Personal Injury – an actionable physical (bodily) injury or invasion of a personal right (i.e. wrongful eviction, slander, false arrest, violation of the right to privacy); an injury to the individual himself, resulting from breach of contract or tort

     Unlike other areas of the law that find their rules in statutes (such as penal codes in criminal cases), the development of personal injury law has taken place mostly through court decisions, and in treatises written by legal scholars.  Many states have taken steps to summarize the development of personal injury law in written statutes, but for practical purposes court decisions remain the main source of the law in any legal case arising from an accident or injury. [1]

personal injury:
(16c.) Torts.

1. In a negligence action, any harm caused to a person, such as a broken bone, a cut, or a bruise; bodily injury. — aka bodily injury.

2. Any invasion of a personal right, including mental suffering & false imprisonment. — aka private injury.

3. For purposes of workers’ compensation, any harm (including a worsened preexisting condition) that arises in the scope of employment. — Abbr. PI. [2]

1. An injury to the body of a person. Smith v Buck, 119 Ohio St 101, 162 NE 82, 61 ALR 1343; Rheudasil v Clower (Tenn) 270 SW2d 345, 46 ALR2d 1083.

A personal wrong; an invasion of a personal right; an injury which pertains to the person, the individual. People v Quanstrom, 93 Mich 254, 53 NW 165.

As the subject of an action: — an injury to the person, whether the action is based upon contract or tort. 34 Am J Rev ed Lim Ac § 103.

Any actionable injury to the individual himself, whether or not it involves physical contact. Bennett v Bennett, 116 NY 584, 23 NE 17.

Any injury causing actual physical pain, discomfort, or disability to any person, which occasions loss or damage either to such person or to any other person entitled to the benefit of the services of the injured person. White v Safe Deposit & Trust Co. 140 Md 593, 118 A 77, 24 ALR 482, 485 (alienation of spouse’s affections); sometimes inclusive of an injury affecting the reputation, character, conduct, manner, and habits of a person. Tisdale v Eubanks, 180 NC 153, 104 SE 339, 11 ALR 374.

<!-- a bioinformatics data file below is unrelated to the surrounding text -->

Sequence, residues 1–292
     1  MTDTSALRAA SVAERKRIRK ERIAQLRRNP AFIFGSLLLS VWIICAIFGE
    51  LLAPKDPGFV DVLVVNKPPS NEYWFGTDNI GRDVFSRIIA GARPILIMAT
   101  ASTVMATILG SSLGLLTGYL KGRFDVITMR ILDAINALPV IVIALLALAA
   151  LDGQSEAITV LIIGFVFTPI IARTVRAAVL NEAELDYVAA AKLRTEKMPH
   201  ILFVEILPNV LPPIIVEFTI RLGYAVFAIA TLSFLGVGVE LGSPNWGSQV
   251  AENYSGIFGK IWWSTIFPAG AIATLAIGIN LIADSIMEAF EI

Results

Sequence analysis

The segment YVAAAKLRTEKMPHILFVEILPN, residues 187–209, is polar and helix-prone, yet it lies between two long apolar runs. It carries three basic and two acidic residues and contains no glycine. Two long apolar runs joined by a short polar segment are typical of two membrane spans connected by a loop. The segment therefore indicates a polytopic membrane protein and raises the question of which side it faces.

As the term is used in venue statutes: — a physical or bodily injury. 56 Am J 1st Ven § 15.

As the term is used in workmen’s compensation acts: — any lesion or change in the structure of the body, causing harm thereto and a lessened facility of its natural and normal use. 58 Am J1st Workm Comp § 194.

There are two classes of personal injuries: those that are fatal, and those that are not fatal.  The term naturally includes injuries of both classes because no one of either class is not an injury.  The obvious and ordinary meaning of the term is all injuries, whether fatal or not.  Hendel v State Farm Mut. Auto. Ins. Co. (CA7 Ind) 97 PM 777.

A right of action exists in favor of a child permanently injured through the negligence of another prior to its birth but after it had become a viable child, under a constitutional provision affording a remedy to every “person” for injury done him in his person. Williams v Marion Rapid Transit, 152 Ohio St 114, 87 NE2d 334, 10 ALR2d 1051. [3]

1. As used in connection with negligence suits and workers’ compensation actions, an injury to the body of a person.  See personal  tort.

2. In a broader sense, any violation or invasion of a personal right. [4]

1. A non physical injury that occurs due to wrongful eviction, slander, false arrest or by violating the right to privacy of any person. [5]

Some Types of Personal Injuries:

Ouster – the wrongful dispossession or exclusion of someone from property.

Unlawful Arrest – taking of a person into custody either without a valid warrant or without probable cause to believe that the person has committed a crime.

False Arrest &/or Imprisonment – an arrest and/or restraint and/or imprisonment made without proper legal authority.


Notice: All material throughout this website is pertinent to people everywhere, and is being utilized in accordance with Fair Use.

[1]: FindLaw, “Personal Injury Law; The Basics”

[2]: Black’s Law Dictionary Deluxe Tenth Edition by Henry Campbell Black & Editor in Chief Bryan A. Garner. ISBN: 978-0-314-62130-6

[3]: Ballantine’s Law Dictionary with Pronunciations
Third Edition by James A. Ballantine (James Arthur 1871-1949).  Edited by William S. Anderson.  © 1969 by THE LAWYER’S CO-OPERATIVE PUBLISHING COMPANY.  Library of Congress Catalog Card No. 68-30931

[4]:  Ballantine’s Law Dictionary Legal Assistant Edition
by Jack Ballantine (James Arthur 1871-1949).  Doctored by Jack G. Handler, J.D. © 1994 Delmar by Thomson Learning.  ISBN 0-8273-4874-6.

[5]: Black’s Law Dictionary Second Edition Online, “PERSONAL INJURY”:


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